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The Legacy Center has been and will continue to be a labor of love. It started with an insight and continues to grow and thrive due to the love and care of many people. Has it been a straight line to the top? No, it’s been a spiraling, evolutionary journey-that has only just begun!

Peg Stookey saw a need in 2005. She’d been working with formerly employed people in career transition to help them 1) Decide if franchising was right for them, 2) Find the right franchise 3) Get connected in Cincinnati as they started their new business. The word started getting out about this last piece and soon, non-franchised business owners were calling to “get connected”.

In late spring of 2005 Peg got a phone call. One of her colleagues asked if she’d be interested in presenting her business plan on a cable TV show and in front of five professionals; a banker, marketing consultant, accountant, attorney and business coach. Not one to shy away from an opportunity Peg said yes. She was then told that the recording would take place in less than a month! Well, like many, Peg had been working on the plan but it was not near complete.  She scrambled, hired a CFO to look at the numbers and was as ready as could be by video day.

Peg laid out her plan to “connect” small business owners with the resources they needed. It was captivating. It was brilliant. It was Legacy Connection, LLC. Praises came from all sides plus….an invitation to a fateful lunch. While dining, the marketing consultant asked Peg a few critical questions and suggested another approach. Her response, “Funny you should say that, your idea is already in my plan as Stage 2.” Stage 2 was to create a community of small business owners and their necessary resource providers. Unlike most networking groups, the purpose of the Legacy Community would be to provide continuous support, education, accountability and connection; not just networking and referral opportunities.

At nearly the same time and on another plane: Peg had learned a lot about franchising in her years as a broker/consultant. She was at lunch one day in early 2005 with an editor of the Business Courier. They talked about the failure rates of small business owners and Peg mentioned that if more independent business owners followed some of the principles of franchising, they’d see more success. The editor invited her to write a story about it. The first principle was…community! When a franchisee signs their contract they are instantly surrounded by an intentional community. Some of the other principles were/are due diligence (intentional research) prior to decision, initial training, continued education, attention to brand, documented systems, accountability, awareness (the prospective and early stage franchisee have the advantage of knowing more about what is coming because of what other franchisees have been through), the power of “we”, in business for yourself but not by yourself, and more.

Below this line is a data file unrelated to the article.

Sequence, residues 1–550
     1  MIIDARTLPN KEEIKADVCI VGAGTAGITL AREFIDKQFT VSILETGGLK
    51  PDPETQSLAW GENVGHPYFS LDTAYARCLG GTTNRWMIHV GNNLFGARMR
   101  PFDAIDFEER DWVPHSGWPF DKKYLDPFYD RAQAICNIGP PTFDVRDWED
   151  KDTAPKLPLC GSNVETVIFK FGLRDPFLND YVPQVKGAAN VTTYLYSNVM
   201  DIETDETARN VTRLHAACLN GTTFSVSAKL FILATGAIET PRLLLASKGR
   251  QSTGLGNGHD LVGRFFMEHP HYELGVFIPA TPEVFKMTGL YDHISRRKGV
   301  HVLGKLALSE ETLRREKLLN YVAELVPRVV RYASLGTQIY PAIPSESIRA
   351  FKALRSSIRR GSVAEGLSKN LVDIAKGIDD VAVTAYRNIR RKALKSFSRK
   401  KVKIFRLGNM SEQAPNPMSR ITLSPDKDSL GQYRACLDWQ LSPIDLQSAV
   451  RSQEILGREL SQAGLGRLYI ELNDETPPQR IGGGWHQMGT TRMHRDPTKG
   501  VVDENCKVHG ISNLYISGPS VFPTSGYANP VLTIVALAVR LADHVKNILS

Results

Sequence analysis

Coupling this with the business plan event, Peg decided to put the connecting piece on hold and create the Legacy Community. Our first meeting was in October of 2006 and we’ve been meeting on the first Thursday of the month ever since.

Peg could have focused on growing membership but her interests soon went in another direction-education. She genuinely believes that failure rates would be significantly lowered if there was more attention to early training and the continuous development of the business owner. She also knows business owners very well. One reason they left the corporate world is to escape things like required training. So, her quest has been in how to sneak it in on them! Business owners like to come together so all of our events, virtual and in-person, contain a connecting component as well as a lift-as-you-climb philosophy, i.e. we are all learners and teachers.

In 2009, Peg developed The Legacy Cycle. This was an important insight and one that could only come from years of working WITH business owners. Most business development models use a sigmoid or “S” curve to describe the growth of a business. Peg felt that the problem with that was 1) they don’t put an emphasis on pre-start due diligence and planning and 2) they result in a reactionary approach to growth, i.e., if the numbers aren’t going well, change is now needed (but necessarily planned for). In the Legacy Cycle model, innovation is a required, proactive part of growth, not a reaction to problems. Similarly, due diligence in the Discovery stage is also required. Furthermore, by viewing entrepreneurial development as a cycle we can see that it’s not just a view of overall growth that’s important but also the creation and growth of new ideas, products, services, internal innovations, relationships, etc. that drive the overall growth of the organization (and of the leader).